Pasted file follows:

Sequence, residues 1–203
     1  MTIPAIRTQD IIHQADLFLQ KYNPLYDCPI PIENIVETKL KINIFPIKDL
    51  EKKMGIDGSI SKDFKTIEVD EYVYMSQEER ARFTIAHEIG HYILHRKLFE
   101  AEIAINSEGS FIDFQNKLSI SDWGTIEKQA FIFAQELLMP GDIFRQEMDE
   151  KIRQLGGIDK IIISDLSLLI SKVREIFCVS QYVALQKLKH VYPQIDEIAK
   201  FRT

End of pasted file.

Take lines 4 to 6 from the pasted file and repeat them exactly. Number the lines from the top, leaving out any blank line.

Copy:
   101  AEIAINSEGS FIDFQNKLSI SDWGTIEKQA FIFAQELLMP GDIFRQEMDE
   151  KIRQLGGIDK IIISDLSLLI SKVREIFCVS QYVALQKLKH VYPQIDEIAK
   201  FRT